J & M COUNTRY STORE

JandMCountyStore_010112.jpg

J & M COUNTRY STORE

3112
,
Durham
NC
Construction type: 
,
Neighborhood: 
Type: 
Use: 

Comments

  • Submitted by Anonymous on Monday, January 2, 2012 - 12:47am

    Gary,

    Is the store still being used?  Someone must have done some work to bring it up to code.  I recall it seemed to be held together by gravity and gum. :)

    I always knew it as "Johnny's Country Store" and thoguht it had closed when the owner passed away.  I hope someone can contribute some information to its history.  Johnny was friends with my dad from many, many years back -- perhaps they went to school together --  but I know nothing about him myself, not even his last name. 

    There is a tall tale concerning my uncle and some watermellons from that store, the timeframe of which suggests it was in operation at least since the early 1940s. 

  • Submitted by gary on Monday, January 2, 2012 - 7:20am

    Anon

    I don't know - I hope someone can speak / write to that. It always appears closed when I drive by, but that isn't with a great deal of frequency. Please share the uncle/watermelon story!

    Gary

  • Submitted by Durhamite on Monday, January 2, 2012 - 9:24am

    Johnny's Country Store had the coldest beer in town in the 1970's. The first beer I ever bought came from there. Other items I purchased there include crickets and Yoo Hoo.

  • Submitted by Anonymous on Tuesday, January 10, 2012 - 8:38pm

    The story I was told by both his wife and my father is that one hot summer day when my uncle still lived with his parents across Roxboro Rd. from this store, he was sitting on the front porch when he saw a local farmer bring in some just-picked watermelon.   Johnny often bought produce from local farmers to sell.   As the heat intensified, his craving for some cold, sweet watermellon also intensified, and he began imagining a feast of watermelon.  He rummaged up a dollar, went across the street and struck a bargain that he could have all the watermellon he could get across the street for that dollar.  The owner, thinking that he was getting the better end of the deal since no fool would pay a whole dollar for a couple of watermelons, and surely no one could carry more than two of those monsters, agreed to take the bid on the condition that no tools of any kind could be employed -- no wheelbarrows, cars, wagons, etc. and that he could only make one trip. My uncle counter-offered that the condition was "get across the street," not "carry" and that he could have one person assist him in physically picking up his choice of melons.  Remember that Roxboro Rd at this time didn't have much traffic nor would it have been going very fast.  The deal was sealed, and my uncle proceded to use his long limbs to best advantage.  A couple of customers watching the negotiations placed side bets, and one assisted by placing the melons my uncle picked where directed.  It took him ten minutes to get across the street, but with two melons on each arm, one between his knees and three more on the ground in front of him, he slowly picked his way across the street with eight large watermelons.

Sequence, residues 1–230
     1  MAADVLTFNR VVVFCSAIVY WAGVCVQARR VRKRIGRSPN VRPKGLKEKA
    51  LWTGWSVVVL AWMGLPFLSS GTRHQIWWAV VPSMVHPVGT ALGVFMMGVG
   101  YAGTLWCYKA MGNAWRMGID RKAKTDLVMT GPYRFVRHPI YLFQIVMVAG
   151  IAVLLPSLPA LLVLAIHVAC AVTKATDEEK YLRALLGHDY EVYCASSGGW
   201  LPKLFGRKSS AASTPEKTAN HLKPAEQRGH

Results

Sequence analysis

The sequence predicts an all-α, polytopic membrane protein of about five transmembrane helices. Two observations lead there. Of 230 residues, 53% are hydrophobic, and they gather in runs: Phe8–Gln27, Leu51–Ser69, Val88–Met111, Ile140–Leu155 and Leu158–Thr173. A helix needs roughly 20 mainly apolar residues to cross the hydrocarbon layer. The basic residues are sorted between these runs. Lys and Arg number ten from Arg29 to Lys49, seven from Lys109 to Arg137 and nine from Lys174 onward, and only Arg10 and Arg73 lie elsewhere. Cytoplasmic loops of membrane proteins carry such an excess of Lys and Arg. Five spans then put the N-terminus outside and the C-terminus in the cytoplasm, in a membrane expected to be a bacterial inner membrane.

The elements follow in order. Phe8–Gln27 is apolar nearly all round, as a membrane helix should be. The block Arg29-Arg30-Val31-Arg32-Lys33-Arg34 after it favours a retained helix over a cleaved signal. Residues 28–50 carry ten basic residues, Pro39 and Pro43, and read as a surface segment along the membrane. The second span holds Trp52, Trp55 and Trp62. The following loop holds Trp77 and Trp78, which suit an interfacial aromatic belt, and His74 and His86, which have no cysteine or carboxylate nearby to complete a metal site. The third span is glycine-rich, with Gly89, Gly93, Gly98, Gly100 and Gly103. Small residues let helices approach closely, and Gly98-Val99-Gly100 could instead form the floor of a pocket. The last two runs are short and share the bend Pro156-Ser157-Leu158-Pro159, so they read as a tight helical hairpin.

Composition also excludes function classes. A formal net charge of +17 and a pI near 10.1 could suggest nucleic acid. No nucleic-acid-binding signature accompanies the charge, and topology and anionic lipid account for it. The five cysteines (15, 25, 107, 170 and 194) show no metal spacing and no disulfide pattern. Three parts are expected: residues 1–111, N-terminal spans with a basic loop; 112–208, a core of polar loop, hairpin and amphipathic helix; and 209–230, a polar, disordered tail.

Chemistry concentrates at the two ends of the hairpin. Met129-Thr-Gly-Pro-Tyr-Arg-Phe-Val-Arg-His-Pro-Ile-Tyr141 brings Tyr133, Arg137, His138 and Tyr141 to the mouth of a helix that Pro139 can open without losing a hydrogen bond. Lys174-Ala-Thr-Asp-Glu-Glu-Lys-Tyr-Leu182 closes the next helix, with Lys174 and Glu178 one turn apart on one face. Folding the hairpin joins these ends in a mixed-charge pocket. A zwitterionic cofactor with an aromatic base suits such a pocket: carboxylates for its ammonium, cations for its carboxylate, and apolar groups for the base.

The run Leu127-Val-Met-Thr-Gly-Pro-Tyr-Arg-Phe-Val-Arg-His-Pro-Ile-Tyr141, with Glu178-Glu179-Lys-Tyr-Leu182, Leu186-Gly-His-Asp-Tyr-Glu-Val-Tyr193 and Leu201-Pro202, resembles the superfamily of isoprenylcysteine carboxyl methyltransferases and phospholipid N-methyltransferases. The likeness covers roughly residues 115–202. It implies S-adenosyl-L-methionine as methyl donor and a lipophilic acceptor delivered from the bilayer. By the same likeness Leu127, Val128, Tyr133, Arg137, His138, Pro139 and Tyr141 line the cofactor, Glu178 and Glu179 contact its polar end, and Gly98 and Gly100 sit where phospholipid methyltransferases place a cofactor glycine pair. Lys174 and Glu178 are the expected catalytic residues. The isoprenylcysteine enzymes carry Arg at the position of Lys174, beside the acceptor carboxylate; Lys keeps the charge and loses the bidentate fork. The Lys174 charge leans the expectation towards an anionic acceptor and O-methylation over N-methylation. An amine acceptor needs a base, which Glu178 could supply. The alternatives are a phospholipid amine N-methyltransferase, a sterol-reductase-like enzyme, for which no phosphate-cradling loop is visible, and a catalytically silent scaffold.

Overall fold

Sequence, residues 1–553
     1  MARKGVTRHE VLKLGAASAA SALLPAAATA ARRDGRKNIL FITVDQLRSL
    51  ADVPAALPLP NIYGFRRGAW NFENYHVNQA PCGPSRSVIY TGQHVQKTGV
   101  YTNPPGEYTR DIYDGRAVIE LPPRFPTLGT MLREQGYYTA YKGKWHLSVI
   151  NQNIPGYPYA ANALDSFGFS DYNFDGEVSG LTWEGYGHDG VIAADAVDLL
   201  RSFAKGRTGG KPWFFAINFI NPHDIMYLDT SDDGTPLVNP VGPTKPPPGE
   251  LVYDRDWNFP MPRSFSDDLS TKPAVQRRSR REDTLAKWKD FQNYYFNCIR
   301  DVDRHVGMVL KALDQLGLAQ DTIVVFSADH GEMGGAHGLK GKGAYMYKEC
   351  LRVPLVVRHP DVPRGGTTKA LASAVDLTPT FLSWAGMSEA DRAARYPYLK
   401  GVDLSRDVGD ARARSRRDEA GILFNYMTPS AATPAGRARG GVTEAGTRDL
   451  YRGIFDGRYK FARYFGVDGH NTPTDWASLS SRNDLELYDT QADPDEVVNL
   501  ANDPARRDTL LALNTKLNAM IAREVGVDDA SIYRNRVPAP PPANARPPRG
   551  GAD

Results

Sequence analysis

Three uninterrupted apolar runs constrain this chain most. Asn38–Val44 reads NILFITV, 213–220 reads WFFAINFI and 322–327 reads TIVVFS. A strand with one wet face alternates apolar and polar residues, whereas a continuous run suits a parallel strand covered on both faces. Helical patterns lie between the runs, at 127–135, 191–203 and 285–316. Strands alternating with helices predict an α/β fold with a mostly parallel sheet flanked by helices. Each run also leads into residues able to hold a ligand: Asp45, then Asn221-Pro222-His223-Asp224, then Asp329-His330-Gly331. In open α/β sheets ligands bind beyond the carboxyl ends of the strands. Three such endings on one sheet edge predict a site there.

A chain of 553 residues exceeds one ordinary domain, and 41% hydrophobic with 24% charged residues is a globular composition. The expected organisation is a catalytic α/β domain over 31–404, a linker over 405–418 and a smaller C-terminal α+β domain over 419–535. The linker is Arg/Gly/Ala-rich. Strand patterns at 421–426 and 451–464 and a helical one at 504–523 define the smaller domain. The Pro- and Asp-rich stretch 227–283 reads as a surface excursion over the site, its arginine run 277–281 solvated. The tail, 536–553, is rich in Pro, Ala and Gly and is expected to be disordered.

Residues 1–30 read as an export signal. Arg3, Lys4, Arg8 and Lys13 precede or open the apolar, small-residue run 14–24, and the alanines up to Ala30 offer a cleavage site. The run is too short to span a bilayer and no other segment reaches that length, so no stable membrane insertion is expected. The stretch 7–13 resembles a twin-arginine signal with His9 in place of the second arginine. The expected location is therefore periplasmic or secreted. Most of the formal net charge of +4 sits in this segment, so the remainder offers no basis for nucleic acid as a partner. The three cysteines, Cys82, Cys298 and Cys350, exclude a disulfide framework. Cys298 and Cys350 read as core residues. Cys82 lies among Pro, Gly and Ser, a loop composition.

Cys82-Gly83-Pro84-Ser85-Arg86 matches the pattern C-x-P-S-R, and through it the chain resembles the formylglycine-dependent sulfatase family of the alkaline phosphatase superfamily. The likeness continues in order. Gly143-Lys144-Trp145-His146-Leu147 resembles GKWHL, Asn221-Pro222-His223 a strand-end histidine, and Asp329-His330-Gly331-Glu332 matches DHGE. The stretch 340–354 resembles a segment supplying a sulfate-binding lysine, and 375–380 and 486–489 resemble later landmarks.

I don't know who the owner was at that time.  Johnny would have been about the same age as my uncle, so he may or may not have yet been running it.   I do know that I later witnessed some similar wrangling between him and my father over produce.  Sometimes Johnny would get the better end of the deal, sometimes my dad would, but during those deals, produce never hit the scale until money changed hands and you could tell it was a very long-running joke between them.

    I was sad to hear that the owner was robbed and severaly beaten in the 80s.  It put him in the hospital for a while, and I heard he retired a couple of years later.   Now I wish I'd known his last name. 

  • Submitted by Anonymous on Wednesday, March 21, 2012 - 10:51pm

    Johnny`s last name was Andrews.

  • Submitted by anon on Monday, December 3, 2012 - 2:04pm

    There seems to be movement on Johnny`s Andrews old store .New roof and paint job .

  • Submitted by Kokeya on Sunday, May 26, 2013 - 12:18pm

    Speaking about this country store my great grandmother was the Nana for Mr. Johnny. His grandson runs the Blue Light store on ninth street.